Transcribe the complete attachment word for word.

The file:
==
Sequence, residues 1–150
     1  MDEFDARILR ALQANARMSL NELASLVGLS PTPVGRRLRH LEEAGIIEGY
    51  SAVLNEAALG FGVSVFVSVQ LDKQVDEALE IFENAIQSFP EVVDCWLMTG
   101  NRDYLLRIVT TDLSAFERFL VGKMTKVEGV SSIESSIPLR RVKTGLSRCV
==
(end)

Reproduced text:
Sequence, residues 1–150
     1  MDEFDARILR ALQANARMSL NELASLVGLS PTPVGRRLRH LEEAGIIEGY
    51  SAVLNEAALG FGVSVFVSVQ LDKQVDEALE IFENAIQSFP EVVDCWLMTG
   101  NRDYLLRIVT TDLSAFERFL VGKMTKVEGV SSIESSIPLR RVKTGLSRCV